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22 March 2007updated 27 Sep 2015 2:32am

Tactics to get the Scottish youth out

The role the internet is playing in trying to encourage young people to vote

By Rebecca S Bundhun

Elections in which you can vote for Wet Wet Wet to represent your region? Travis bassist Dougie Payne runs for Parliament?

Maybe it’s not such an absurd proposition given that Arnold Schwarzenegger’s foray into politics resulted in him becoming governor of California. Unfortunately – or fortunately, depending on the extent to which you like to mix your music and politics – the aforementioned elections are not real, but an online game.

This cunning device has been adopted as part of the VoteScotland campaign in an effort to lure the Scottish youth to the polling stations.

VoteScotland is a politically neutral campaign that has been established by the Scottish Executive and the Electoral Commission as an initiative to raise awareness of the local government and Scottish Parliamentary elections on 3 May.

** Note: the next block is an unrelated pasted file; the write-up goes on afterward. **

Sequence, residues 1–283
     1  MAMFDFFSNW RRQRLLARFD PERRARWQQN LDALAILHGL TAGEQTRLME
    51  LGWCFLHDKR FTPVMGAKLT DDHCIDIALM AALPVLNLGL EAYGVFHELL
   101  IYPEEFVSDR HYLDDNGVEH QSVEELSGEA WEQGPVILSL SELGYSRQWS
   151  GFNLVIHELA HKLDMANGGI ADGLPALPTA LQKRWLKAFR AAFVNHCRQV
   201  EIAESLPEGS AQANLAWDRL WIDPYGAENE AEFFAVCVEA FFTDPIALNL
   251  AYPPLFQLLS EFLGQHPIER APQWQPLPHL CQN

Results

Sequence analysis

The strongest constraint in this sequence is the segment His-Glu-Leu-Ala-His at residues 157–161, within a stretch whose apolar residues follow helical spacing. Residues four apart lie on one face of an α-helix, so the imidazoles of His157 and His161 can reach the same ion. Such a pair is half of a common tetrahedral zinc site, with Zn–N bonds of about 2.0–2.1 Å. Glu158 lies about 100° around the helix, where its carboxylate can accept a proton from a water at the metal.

They have developed the digital games to explain a system that, quite frankly, isn’t the epitome of clarity. One game, designed to elucidate the Additional Member System used in the Scottish elections, asks players to cast two votes to create a ‘super group’ from Scotland’s most famed musicians, including KT Tunstall and Belle and Sebastian.

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In another game, based upon the Single Transferable Vote – to be used for the first time this year’s local elections in Scotland – voters select Scottish Premier League football players and rank them in order of preference to create a five-a-side dream team. Meanwhile, an online animation guides you through the voting process.

It’s unclear what impact this initiative is going to have. However, the fact that something is being done in attempt to rouse interest in the workings of a representative democracy is surely a step in the right direction. The next step is, of course, to try to ensure that voting choices are actually informed, otherwise Scotland may as well place Marti Pellow in a position of political power.

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